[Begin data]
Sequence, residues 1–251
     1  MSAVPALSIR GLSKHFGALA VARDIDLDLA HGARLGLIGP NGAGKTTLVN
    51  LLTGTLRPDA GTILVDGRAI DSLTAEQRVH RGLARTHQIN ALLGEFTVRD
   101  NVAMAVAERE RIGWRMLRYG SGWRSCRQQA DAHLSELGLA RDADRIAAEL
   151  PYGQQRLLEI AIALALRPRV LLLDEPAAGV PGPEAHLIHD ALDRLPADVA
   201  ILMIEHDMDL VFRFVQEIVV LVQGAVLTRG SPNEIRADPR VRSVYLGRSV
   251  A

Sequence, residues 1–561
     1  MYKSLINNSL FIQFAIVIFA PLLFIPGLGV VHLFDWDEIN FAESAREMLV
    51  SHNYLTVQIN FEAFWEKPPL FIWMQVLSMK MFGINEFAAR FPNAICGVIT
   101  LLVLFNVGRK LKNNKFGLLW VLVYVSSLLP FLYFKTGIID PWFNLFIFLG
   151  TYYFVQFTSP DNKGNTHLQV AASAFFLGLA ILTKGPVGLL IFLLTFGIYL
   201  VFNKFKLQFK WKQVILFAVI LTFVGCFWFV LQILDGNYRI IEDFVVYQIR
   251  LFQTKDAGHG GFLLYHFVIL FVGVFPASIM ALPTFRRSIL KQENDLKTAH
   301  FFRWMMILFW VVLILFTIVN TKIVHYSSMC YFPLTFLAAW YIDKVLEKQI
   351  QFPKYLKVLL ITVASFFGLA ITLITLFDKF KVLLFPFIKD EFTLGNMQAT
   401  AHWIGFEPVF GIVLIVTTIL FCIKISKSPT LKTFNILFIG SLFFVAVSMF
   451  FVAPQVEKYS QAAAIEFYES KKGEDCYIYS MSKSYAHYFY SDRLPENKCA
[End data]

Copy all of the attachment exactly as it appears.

Sequence, residues 1–251
     1  MSAVPALSIR GLSKHFGALA VARDIDLDLA HGARLGLIGP NGAGKTTLVN
    51  LLTGTLRPDA GTILVDGRAI DSLTAEQRVH RGLARTHQIN ALLGEFTVRD
   101  NVAMAVAERE RIGWRMLRYG SGWRSCRQQA DAHLSELGLA RDADRIAAEL
   151  PYGQQRLLEI AIALALRPRV LLLDEPAAGV PGPEAHLIHD ALDRLPADVA
   201  ILMIEHDMDL VFRFVQEIVV LVQGAVLTRG SPNEIRADPR VRSVYLGRSV
   251  A

Sequence, residues 1–561
     1  MYKSLINNSL FIQFAIVIFA PLLFIPGLGV VHLFDWDEIN FAESAREMLV
    51  SHNYLTVQIN FEAFWEKPPL FIWMQVLSMK MFGINEFAAR FPNAICGVIT
   101  LLVLFNVGRK LKNNKFGLLW VLVYVSSLLP FLYFKTGIID PWFNLFIFLG
   151  TYYFVQFTSP DNKGNTHLQV AASAFFLGLA ILTKGPVGLL IFLLTFGIYL
   201  VFNKFKLQFK WKQVILFAVI LTFVGCFWFV LQILDGNYRI IEDFVVYQIR
   251  LFQTKDAGHG GFLLYHFVIL FVGVFPASIM ALPTFRRSIL KQENDLKTAH
   301  FFRWMMILFW VVLILFTIVN TKIVHYSSMC YFPLTFLAAW YIDKVLEKQI
   351  QFPKYLKVLL ITVASFFGLA ITLITLFDKF KVLLFPFIKD EFTLGNMQAT
   401  AHWIGFEPVF GIVLIVTTIL FCIKISKSPT LKTFNILFIG SLFFVAVSMF
   451  FVAPQVEKYS QAAAIEFYES KKGEDCYIYS MSKSYAHYFY SDRLPENKCA